Kids' Activities, parenting, The Salties

10 Amazing Picture Books (That Happen to Feature Children of Color)

This post contains affiliate links. We will get a small percentage off of purchases made off of clicking one of our links. Thank you for supporting the Salty Mamas! We are also thankful for the sponsorship of Sterling Children’s Books, who provided a book for us to give to YOU! Check the bottom of the post for details on how to enter!

As the mother of two children of (varying shades of) color, I am always on the lookout for books that feature main characters of diverse backgrounds. Considering how important it is for kids to see people who like them in print and in the media, it is actually pretty shocking to me how few books feature characters that aren’t white (or aren’t animals for that matter, but that’s a different thing).  And while I love books that explicitly teach kids about differences (Happy in My Skin and It’s Okay to Be Different being two of our favorites), my favorite thing is finding great books where the child’s ethnicity/race/culture is not the focus of the story, but simply a part of who the child is. The character might (and should!) live in a world that is cognizant of their culture, but they are going through things the common kid goes through- like getting a new pet, being scared of monsters, or participating in the school’s science fair.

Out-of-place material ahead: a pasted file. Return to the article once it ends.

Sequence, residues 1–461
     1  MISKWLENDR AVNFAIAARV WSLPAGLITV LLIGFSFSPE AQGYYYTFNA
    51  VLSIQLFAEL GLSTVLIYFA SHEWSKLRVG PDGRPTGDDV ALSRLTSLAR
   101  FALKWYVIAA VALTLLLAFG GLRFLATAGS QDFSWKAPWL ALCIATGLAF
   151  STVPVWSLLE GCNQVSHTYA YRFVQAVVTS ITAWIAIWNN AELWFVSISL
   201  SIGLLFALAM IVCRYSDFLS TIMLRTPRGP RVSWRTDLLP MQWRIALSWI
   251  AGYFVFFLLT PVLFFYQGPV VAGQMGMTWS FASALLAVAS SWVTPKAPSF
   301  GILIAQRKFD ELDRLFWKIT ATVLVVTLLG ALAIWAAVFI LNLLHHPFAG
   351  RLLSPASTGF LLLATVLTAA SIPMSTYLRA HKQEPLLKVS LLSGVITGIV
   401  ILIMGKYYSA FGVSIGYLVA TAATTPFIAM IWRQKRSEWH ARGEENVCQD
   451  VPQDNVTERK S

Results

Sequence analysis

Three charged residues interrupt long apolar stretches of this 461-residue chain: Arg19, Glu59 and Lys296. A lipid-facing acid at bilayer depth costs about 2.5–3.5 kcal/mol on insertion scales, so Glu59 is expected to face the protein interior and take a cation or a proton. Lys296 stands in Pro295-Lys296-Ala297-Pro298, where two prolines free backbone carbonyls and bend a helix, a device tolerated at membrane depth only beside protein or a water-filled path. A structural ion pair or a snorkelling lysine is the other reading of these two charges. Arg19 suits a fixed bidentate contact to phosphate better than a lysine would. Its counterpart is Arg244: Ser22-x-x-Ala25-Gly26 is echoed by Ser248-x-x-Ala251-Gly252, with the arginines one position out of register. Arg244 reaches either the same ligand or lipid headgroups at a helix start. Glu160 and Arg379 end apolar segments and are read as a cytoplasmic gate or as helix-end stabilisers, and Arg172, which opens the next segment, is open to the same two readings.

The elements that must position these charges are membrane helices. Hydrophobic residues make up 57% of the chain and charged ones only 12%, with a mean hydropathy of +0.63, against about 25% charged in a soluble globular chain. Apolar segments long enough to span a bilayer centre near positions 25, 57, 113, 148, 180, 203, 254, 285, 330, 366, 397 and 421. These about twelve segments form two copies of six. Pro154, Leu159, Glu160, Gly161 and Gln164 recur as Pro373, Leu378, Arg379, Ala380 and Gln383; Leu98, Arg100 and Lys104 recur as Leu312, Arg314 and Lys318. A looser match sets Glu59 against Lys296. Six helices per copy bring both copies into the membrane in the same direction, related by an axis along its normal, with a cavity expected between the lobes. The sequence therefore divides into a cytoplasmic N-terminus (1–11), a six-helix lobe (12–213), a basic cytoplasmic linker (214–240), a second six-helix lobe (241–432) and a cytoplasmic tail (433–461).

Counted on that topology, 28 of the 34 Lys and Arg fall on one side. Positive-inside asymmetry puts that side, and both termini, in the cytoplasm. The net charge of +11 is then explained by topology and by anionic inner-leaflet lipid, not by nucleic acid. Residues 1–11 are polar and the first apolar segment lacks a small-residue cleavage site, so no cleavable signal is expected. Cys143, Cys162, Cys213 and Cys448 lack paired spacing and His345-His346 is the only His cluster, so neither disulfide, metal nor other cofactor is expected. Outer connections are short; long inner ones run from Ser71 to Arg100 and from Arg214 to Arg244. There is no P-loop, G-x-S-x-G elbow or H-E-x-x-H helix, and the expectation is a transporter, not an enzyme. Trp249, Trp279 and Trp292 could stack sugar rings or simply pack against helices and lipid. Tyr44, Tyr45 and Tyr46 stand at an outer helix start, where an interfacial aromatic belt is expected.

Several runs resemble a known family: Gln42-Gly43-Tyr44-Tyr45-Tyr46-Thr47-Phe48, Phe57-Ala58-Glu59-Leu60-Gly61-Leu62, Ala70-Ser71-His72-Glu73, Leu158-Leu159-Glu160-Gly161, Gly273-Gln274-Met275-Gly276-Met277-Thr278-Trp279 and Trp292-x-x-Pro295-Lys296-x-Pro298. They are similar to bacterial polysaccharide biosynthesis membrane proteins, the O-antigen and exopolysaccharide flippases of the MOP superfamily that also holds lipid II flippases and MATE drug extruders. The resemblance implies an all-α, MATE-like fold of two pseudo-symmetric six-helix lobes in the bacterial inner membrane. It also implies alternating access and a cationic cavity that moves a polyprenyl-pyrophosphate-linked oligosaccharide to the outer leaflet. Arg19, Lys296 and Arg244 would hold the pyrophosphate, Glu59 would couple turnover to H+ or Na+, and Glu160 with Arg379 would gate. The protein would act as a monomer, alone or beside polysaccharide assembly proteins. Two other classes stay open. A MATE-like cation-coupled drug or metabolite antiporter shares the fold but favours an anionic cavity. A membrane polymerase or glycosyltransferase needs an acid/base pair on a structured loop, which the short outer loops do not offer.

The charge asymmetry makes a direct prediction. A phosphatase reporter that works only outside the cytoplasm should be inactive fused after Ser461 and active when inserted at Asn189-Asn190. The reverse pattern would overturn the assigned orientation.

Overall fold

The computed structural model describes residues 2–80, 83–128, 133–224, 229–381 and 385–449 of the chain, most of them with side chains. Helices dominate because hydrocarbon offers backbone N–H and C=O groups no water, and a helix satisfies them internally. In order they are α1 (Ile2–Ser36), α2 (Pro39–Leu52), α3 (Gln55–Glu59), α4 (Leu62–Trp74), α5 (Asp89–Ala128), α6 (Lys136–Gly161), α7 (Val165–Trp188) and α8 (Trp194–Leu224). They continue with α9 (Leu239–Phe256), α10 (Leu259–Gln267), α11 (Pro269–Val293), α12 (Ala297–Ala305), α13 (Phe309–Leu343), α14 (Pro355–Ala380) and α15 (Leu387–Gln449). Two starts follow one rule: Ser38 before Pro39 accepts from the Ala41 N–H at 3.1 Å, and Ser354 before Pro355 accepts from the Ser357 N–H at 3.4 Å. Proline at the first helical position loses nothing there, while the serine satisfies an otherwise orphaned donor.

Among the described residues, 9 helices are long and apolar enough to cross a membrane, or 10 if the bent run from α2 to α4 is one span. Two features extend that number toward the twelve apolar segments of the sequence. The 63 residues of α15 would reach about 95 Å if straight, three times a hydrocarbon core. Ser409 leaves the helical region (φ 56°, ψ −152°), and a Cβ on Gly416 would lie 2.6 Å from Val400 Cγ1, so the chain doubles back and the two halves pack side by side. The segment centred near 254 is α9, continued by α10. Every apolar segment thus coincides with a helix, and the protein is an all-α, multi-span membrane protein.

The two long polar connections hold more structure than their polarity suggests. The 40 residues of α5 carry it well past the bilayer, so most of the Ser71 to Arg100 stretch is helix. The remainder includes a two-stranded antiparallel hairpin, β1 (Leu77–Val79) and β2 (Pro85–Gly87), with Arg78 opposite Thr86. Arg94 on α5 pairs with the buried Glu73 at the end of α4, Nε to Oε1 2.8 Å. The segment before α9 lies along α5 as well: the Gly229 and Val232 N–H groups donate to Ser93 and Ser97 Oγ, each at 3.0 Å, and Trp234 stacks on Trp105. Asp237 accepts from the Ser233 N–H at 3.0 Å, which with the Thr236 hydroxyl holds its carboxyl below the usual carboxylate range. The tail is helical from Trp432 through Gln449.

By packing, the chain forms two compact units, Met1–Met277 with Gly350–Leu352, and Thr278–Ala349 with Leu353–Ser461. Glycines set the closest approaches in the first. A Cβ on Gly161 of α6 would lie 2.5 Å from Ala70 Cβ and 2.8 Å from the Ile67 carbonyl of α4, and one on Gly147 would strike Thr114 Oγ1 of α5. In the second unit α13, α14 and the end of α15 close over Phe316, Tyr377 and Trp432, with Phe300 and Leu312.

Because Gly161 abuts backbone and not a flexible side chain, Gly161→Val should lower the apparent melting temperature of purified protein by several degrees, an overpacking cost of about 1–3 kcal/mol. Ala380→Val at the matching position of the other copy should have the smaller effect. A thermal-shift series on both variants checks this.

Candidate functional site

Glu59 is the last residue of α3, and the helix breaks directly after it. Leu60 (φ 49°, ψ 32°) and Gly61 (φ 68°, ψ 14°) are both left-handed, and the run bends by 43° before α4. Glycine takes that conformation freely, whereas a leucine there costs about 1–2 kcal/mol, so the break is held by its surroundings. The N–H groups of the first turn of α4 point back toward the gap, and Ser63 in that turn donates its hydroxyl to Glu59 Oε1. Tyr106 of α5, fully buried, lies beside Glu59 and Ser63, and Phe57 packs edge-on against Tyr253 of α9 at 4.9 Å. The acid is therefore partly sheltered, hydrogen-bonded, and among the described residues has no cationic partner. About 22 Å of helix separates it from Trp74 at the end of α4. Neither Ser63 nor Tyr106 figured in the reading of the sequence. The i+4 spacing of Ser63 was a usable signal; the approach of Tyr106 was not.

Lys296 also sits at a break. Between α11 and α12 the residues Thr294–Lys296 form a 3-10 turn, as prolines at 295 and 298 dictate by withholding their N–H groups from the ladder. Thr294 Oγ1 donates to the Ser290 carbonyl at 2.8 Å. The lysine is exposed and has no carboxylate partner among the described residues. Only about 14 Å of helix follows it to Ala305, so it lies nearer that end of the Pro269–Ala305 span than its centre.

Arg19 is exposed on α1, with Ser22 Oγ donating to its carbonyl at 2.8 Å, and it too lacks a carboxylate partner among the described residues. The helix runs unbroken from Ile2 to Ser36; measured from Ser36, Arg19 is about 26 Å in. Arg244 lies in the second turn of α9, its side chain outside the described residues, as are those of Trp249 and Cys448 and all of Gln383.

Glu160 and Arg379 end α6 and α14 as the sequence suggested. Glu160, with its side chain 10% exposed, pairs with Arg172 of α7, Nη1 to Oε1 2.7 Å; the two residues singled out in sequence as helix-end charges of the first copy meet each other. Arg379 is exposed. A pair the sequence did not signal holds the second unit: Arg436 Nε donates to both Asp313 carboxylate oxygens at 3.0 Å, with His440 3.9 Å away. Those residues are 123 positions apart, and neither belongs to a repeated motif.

So, here’s a list of our favorite children’s books that just so happen to feature children of color in a starring role.

Marisol McDonald Doesn't Match

1. Marisol McDonald Doesn’t Match by Monica Brown

This book may seem to be all about culture (it is written in both English and Spanish), but it also has a great storyline about a little girl who can be whatever she wants to be. From her red hair and brown skin to wearing green polka dots with purple stripes, Marisol McDonald doesn’t care if she matches, as long as she’s being true to herself.

Flower Garden

2. Flower Garden by Eve Bunting

This book is simple but oh-so-sweet, with gorgeous illustrations full of color and short, rhyming verses. It’s a fun, short read that my daughter just loves.

Monster Trouble

3. Monster Trouble by Lane Frederickson and Michael Robertson

When Winifred Schnitzel runs into some Monster Trouble (She’s not afraid, they’re just not letting her sleep!), she puts on her thinking cap and finds a way out of the problem herself. She is a bold and clever little lady, and the rhyming words are fun for me to read. One of Lila’s favorites, for sure!

Too Many Mangoes

4. Too Many Mangos by Tommy Pakai and Don Robinson

This is the sweetest little story about sharing. When Kama and Nani have too many mangos to eat themselves, they share them with the neighbors, and get lots of fun surprises in return. The pictures are just too cute, and there’s plenty of culture without making a thing of it, if you know what I mean.

The Bot That Scott Built

5. The Bot That Scott Built by Kim Norman and Agnese Baruzzi

I love this book, for both the storyline and the STEM tie-ins. Scott builds a spectacular robot for the science fair, but all kinds of chaos starts happening as soon as he introduces it. Luckily, he and his robot are able to save the day. Fun story structure and lots of silly happenings made my daughter giggle out loud, which is actually a rarity.

Mice and Beans

6. Mice and Beans by Pam Munoz Ryan